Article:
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Enchorro Naibor

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Enchorro Naibor sits on top of an escarpment that looks out towards the mountains of Shompole, Ol Doinyo Sambu and Ol Doinyo Lengai, over salt flats and the soda lakes of Magadi and Natron. The contrast between the green, cool hillsides around Enchorro Naibor and the hot, dry, burning wasteland nearly 1,500 metres below, on the floor of the Great Rift Valley, could not be greater.

Sitting at the southern end of the Loita Hills, looking out over the "Cradle of Mankind", the route from the small, Maasai centre of Olorte passes over a rough and in places almost non-existent track to Mausa. From there it is largely cross country to the edge of the Rift Valley with distant views east towards Mt Kilimanjaro which can occasionally be seen on a clear morning, over 150 kilometres away. By taking shortcuts through the hills the walk is much shorter than going by road and normally takes 5-6 hours to complete. It is a popular outing with some of our guests. It is also the final leg of our Loita Hills Mountain Bike Safari which is a real physical challenge as the route climbs and drops through the valleys with some highly technical sections to negotiate during a day that involves over 900m of ascent. 

This is a remote area with the most spectacular scenery and some of the views along the way are truly stunning. Once at Enchorro Naibor it is easy to while away the late afternoon hours, gazing out across the floor of the Great Rift Valley. Sitting here does feel like sitting on the edge of the world and for many it is the highlight of their trip to Kenya. If it doesn't look like rain we often sleep out in the open here. A night spent sleeping under the myriads of stars that fill the African sky is another special experience. The altitude means there is no problem from mosquitoes but it also means the nights can be very cold, often accompanied by a heavy dew, so a good campfire is always very welcome.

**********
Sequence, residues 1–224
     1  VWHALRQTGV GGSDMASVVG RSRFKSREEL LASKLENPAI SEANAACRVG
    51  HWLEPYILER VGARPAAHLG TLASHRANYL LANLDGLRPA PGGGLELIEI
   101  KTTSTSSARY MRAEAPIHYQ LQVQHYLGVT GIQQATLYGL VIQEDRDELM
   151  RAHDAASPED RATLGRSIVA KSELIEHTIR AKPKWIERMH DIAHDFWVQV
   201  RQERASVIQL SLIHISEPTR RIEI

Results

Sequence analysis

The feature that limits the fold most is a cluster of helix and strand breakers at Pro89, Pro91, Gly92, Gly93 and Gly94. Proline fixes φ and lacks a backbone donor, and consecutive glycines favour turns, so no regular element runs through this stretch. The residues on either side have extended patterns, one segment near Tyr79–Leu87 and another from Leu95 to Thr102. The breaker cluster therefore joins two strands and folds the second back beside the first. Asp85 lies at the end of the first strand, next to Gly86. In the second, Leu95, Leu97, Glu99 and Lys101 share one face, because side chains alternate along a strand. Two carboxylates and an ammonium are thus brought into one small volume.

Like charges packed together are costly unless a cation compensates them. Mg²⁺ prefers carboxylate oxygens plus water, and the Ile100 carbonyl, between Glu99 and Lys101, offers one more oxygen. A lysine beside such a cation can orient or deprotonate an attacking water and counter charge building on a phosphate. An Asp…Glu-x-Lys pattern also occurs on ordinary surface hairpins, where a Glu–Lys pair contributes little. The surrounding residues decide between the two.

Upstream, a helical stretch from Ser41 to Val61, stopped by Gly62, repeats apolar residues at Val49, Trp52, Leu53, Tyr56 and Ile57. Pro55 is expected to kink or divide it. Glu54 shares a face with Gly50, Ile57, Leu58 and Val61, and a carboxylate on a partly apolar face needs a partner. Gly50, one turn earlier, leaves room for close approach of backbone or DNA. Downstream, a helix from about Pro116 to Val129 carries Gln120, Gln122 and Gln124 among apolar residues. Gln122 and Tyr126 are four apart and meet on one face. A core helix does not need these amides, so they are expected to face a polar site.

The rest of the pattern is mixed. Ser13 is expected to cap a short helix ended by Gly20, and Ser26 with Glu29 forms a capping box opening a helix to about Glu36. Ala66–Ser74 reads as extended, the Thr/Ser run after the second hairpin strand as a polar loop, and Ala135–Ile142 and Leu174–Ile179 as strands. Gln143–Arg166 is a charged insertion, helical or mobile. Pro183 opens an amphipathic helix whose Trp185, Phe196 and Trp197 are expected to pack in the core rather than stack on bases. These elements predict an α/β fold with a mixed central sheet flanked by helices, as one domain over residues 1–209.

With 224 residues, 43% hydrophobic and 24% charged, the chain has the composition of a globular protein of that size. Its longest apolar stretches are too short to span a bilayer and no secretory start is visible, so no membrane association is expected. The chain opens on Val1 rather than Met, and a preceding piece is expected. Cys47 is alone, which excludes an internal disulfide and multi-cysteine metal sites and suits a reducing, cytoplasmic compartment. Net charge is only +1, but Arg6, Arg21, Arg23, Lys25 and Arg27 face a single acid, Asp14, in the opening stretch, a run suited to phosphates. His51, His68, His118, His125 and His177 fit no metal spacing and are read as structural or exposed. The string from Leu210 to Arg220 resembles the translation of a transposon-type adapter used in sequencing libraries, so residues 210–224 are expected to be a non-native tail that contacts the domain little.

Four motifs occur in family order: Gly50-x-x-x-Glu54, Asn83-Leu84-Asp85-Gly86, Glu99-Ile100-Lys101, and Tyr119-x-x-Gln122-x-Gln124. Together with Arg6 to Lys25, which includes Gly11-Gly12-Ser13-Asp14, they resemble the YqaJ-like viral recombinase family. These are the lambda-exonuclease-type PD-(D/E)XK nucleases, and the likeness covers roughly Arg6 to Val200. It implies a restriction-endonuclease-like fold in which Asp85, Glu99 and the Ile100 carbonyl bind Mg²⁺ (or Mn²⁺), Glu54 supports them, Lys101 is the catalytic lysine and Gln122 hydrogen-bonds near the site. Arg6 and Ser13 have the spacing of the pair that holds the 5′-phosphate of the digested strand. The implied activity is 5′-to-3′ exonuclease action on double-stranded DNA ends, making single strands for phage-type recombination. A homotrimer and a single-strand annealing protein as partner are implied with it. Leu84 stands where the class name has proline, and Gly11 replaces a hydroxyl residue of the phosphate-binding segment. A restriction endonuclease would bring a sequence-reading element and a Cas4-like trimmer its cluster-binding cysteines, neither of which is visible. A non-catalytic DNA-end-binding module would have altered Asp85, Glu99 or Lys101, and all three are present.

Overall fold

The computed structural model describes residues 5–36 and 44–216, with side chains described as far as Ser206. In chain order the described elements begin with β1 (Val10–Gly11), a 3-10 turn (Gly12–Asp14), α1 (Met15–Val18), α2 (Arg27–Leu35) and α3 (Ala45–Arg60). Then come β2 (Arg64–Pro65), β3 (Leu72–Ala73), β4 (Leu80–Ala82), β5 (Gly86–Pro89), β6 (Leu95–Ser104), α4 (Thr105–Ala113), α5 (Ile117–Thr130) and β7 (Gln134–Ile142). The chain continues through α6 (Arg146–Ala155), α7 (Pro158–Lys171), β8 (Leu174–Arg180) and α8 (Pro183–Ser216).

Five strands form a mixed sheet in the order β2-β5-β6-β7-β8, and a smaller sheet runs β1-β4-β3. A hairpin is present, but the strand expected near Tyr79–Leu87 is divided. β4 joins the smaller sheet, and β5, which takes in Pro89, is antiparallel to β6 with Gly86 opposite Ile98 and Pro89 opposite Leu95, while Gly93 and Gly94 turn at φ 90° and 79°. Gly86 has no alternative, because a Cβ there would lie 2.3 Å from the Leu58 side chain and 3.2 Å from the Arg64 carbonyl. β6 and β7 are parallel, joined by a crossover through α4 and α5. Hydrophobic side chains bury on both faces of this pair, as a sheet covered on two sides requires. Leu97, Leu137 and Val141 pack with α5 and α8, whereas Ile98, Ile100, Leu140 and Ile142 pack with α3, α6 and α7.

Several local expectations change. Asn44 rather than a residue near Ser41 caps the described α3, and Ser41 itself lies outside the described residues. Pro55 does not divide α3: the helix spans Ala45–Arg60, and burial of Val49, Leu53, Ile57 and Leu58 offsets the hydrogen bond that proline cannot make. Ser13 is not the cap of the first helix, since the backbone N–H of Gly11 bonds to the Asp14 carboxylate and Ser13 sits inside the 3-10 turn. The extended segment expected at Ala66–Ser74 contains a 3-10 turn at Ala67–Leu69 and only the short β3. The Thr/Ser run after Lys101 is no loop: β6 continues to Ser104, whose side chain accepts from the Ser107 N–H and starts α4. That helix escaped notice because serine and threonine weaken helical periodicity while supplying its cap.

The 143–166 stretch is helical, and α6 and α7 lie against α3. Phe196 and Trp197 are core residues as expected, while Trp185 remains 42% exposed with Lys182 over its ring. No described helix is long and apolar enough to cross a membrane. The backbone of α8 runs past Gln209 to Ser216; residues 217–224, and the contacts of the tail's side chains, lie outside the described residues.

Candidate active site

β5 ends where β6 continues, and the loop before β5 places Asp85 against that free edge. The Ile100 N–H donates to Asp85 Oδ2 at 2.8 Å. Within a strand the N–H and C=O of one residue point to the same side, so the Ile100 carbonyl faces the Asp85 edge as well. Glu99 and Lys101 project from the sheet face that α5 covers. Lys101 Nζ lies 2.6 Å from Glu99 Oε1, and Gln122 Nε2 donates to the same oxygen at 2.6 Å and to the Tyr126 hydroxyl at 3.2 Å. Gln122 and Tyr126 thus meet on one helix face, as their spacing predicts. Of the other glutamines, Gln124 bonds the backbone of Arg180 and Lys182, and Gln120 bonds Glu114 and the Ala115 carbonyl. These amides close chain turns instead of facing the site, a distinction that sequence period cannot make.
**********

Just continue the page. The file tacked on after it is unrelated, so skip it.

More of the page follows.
On the following day the early morning views, before the sun’s heat blurs everything into a distant haze, makes getting up before dawn to watch the sunrise well worth the effort, with the occasional bonus of a distant view of Africa's highest mountain.

Also, on the following day, for a bit of real adventure it is possible to follow an ancient cattle trail, but only on foot, down the escarpment to Mbakasi on the floor of the Magadi Depression. From here, in the heat of the day the few kilometres across the salt flats to Shompole is hard work but we are then able to tube 5km down the Ewaso Ngiro River to a rudimentary camp site we have established with the Shompole Maasai. Most people opt for the more comfortable option of jumping in the vehicles and heading back to Olorte.